Kissimmee River Restoration Project

View of part of the Kissimmee River and the backfilled canalThe Kissimmee River Restoration project, authorized by Congress in 1992, is sponsored by the U.S. Army Corps of Engineers (USACE) and the South Florida Water Management District (SFWMD). When the project is completed in 2020, more than 40 square miles of river-floodplain ecosystem will be restored, including nearly 20,000 acres of wetlands and 44 miles of historic river channel.


The Kissimmee River once meandered for 103 miles through central Florida. Its floodplain, reaching up to two miles wide, was inundated for long periods by heavy seasonal rains. Wetland plants, wading birds and fish thrived there.

Because prolonged flooding caused severe impacts to human habitation, Florida officials asked Congress for assistance. Congress tasked the U. S. Army Corps of Engineers and, between 1962 and 1971, the Corps cut and dredged the Kissimmee River into a 30-foot deep straightaway called the C-38 canal. The project achieved flood reduction benefits, but it also harmed the river-floodplain ecosystem.

After extensive planning, construction for environmental restoration began in 1999. The project is now more than halfway complete. In the lower Kissimmee River Basin, Phase1 construction was completed in 2001 and Phase 4 was completed in 2010, restoring continuous water flows to approximately 19 of 44 miles of the Kissimmee River. Phases 2 and 3 are now underway and includes backfilling the C-38 canal, and restoring flow to 9 miles of the river. Approximately 99 percent of lands needed to complete Kissimmee River Restoration have been acquired — a total of 102,061 acres. More than 15 of 22 miles of canal have been backfilled and 6,500 acres of floodplain wetlands have been restored. The response of the natural system has greatly exceeded expectations. Many species of ducks and wading birds—including the ring-necked duck, American avocet, and black-necked stilt—are now present. These species were not present during pre-construction surveys.

Additional information is available on the Kissimmee River Restoration Project fact sheet and placemat .


Info & Meetings


Corps announces additional changes to navigation on Kissimmee River - December 16, 2019

The U.S. Army Corps of Engineers Jacksonville District is implementing additional navigation restrictions for boaters along roughly 10 miles of the lower Kissimmee River basin. 

The Corps continues backfilling operations on the C-38 Canal as part of an ongoing effort to restore historic flows of the Kissimmee River.  Earlier this summer, the Corps closed a portion of the canal seven miles upstream to three miles downstream of the U.S. Highway 98 bridge located near Basinger approximately 20 miles northwest of Okeechobee.  Now the Corps is advising boaters that the historic oxbows in the vicinity are also closed to navigation.

“We urge boaters to use caution near the construction area,” said Dr. Orlando Ramos-Gines, senior project manager for the Jacksonville District.  “We thank the public for their continued support and hope they will continue enjoying the river and canals, but boaters also need to know what areas are closed so everyone remains safe.”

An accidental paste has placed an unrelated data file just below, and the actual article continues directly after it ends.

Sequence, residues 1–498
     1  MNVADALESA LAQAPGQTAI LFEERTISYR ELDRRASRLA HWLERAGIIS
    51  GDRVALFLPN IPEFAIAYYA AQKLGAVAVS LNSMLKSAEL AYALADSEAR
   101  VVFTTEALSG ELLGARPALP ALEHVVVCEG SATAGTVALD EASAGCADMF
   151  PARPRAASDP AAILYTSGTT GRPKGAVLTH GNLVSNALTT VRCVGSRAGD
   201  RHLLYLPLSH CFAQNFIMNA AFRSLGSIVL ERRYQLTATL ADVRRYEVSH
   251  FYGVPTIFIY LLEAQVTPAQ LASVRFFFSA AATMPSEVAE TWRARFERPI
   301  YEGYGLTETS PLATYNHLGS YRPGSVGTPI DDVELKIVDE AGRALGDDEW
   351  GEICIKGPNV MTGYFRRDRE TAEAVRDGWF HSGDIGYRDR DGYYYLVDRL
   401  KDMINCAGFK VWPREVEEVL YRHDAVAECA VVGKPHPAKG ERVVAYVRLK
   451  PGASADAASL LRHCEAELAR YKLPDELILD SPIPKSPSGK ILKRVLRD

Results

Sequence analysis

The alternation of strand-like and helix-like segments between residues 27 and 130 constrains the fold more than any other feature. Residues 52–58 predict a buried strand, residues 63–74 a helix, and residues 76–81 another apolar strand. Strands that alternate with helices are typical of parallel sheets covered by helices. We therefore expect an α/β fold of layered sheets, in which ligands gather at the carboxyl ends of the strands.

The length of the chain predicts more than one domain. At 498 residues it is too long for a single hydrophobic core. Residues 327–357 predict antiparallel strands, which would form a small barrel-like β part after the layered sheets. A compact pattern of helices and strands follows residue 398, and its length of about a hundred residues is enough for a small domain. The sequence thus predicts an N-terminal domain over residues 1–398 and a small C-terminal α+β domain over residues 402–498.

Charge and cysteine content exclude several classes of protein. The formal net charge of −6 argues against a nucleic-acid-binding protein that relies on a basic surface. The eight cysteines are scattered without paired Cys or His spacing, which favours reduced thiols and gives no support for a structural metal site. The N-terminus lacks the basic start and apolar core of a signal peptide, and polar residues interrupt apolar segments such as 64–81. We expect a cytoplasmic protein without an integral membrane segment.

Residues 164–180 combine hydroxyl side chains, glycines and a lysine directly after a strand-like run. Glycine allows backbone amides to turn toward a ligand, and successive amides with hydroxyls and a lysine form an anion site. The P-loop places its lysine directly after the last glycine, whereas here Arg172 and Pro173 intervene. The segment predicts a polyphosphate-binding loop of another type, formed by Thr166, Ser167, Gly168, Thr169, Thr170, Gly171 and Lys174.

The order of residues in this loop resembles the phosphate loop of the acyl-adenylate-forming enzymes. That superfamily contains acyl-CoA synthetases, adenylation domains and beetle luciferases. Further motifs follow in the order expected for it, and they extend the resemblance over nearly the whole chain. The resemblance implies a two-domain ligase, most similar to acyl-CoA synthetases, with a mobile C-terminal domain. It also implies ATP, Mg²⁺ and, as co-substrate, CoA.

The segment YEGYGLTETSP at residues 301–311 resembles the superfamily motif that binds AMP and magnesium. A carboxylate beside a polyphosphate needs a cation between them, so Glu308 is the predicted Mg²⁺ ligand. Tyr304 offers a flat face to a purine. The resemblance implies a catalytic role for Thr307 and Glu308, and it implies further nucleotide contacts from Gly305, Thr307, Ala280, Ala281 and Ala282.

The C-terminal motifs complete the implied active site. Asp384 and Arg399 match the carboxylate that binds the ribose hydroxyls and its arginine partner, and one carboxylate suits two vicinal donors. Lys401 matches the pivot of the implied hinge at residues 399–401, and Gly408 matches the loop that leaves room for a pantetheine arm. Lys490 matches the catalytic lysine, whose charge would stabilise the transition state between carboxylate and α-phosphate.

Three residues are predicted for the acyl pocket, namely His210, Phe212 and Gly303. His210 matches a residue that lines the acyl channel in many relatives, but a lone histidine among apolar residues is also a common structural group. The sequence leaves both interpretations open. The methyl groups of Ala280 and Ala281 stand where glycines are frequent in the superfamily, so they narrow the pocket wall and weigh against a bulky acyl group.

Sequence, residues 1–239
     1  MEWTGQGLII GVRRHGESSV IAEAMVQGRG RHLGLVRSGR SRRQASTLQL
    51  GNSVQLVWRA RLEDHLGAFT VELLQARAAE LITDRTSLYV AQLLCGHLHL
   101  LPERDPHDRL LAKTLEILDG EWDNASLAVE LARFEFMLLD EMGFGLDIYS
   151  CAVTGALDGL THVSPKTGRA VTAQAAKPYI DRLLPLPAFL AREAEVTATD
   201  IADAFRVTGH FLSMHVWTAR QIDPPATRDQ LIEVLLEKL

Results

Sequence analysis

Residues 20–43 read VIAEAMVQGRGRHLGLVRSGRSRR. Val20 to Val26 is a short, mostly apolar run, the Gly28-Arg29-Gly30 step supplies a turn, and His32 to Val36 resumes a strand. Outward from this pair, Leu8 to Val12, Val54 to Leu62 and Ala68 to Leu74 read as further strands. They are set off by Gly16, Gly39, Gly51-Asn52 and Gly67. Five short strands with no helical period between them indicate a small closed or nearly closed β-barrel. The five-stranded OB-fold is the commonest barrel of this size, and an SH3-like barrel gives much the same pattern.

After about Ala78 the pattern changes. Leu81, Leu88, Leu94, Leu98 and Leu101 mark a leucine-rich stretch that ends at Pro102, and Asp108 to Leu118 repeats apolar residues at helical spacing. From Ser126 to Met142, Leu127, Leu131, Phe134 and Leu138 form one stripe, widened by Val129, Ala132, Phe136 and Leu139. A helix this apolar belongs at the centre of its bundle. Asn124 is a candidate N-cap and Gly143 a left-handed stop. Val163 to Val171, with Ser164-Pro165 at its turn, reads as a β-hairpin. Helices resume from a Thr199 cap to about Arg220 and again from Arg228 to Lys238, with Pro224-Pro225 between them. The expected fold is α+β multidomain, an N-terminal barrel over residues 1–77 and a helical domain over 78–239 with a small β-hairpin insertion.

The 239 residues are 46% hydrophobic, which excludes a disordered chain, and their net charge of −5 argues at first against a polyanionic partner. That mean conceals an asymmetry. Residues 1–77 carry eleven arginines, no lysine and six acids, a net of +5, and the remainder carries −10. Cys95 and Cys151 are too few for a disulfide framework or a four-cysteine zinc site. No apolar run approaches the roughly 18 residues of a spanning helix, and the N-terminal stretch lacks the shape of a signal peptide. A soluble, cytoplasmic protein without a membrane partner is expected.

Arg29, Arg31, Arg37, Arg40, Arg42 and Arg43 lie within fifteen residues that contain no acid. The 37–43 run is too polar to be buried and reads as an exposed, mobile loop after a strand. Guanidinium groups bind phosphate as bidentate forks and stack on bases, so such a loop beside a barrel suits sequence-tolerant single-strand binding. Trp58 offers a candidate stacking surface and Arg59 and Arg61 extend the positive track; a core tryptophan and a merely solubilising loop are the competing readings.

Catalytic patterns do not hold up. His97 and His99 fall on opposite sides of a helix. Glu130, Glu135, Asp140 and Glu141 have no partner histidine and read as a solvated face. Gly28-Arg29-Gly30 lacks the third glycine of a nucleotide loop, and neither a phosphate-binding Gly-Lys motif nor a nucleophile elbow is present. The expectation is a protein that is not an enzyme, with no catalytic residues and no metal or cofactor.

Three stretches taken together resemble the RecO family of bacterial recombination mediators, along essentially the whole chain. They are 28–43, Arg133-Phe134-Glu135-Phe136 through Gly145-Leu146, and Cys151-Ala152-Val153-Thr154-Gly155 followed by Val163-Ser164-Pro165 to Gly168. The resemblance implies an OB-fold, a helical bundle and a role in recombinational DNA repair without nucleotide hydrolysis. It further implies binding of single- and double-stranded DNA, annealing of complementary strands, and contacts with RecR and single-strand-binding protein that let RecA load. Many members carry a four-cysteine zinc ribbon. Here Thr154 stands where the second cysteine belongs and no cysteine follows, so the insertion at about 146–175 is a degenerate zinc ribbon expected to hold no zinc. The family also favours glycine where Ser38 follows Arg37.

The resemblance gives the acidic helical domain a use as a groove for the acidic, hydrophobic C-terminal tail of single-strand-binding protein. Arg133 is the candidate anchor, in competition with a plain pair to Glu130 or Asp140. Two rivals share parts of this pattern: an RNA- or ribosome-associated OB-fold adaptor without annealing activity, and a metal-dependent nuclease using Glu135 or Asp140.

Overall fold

Barriers have been installed at the closed segments of the river.  Boaters can access upstream and downstream segments using boat ramps outside the restricted area.  The Corps anticipates completing construction in the next 12 months and will reopen the oxbows at that time.

The Kissimmee River restoration project is one of many under construction by the Corps in partnership with the South Florida Water Management District. Once completed, the Kissimmee River Restoration project will restore the portions of the channelized river back to its natural meandering pattern and provide 130,000 acre-feet of natural floodplain storage. This will slow the flow of water from the Kissimmee Basin into Lake Okeechobee, thereby slowing down the rise in the lake that often results in high-volume discharges to the Caloosahatchee and St. Lucie estuaries.

View the news release (w/map of closures)


Corps continues construction on Kissimmee River Restoration Project; Navigation closures remain in effect - February 13, 2017

As the U. S. Army Corps of Engineers Jacksonville District continues to work towards bringing the Kissimmee River Restoration project to completion, navigation closures will remain in effect to accommodate ongoing construction activities. 

Navigational closures are currently in effect on the Kissimmee River north of the U.S. Highway 98 Bridge for 6.5 miles.  To access the river south of construction activities, boaters are advised to use the S-65D Boat Ramp.  To access the river north of construction activities, boaters are advised to use the Arbuckle Creek / Avon Park Range Boat Ramp.  

SFWMD is lowering water levels between the S-65A and S-65C structures on the Kissimmee River to accommodate construction activities.  As such, river access using the Istokpoga Boat Ramp is currently closed for outboard motor boats. 


Corps awards contract for Kissimmee River Restoration Project; Navigation closures scheduled to begin this fall - August 5, 2016


Backfilling work begins for Kissimmee River Restoration Project; Navigation will be interrupted on part of C-38 Canal - March 2, 2016


Construction contract awarded for Reach 3 Backfill and Bass Embankment Degrade - Sept. 28, 2015


Construction contract awarded for MacArthur Ditch Backfill - Jan. 15, 2015


Points of Contact

Corps Project Manager

Project Manager
South Florida Water Management District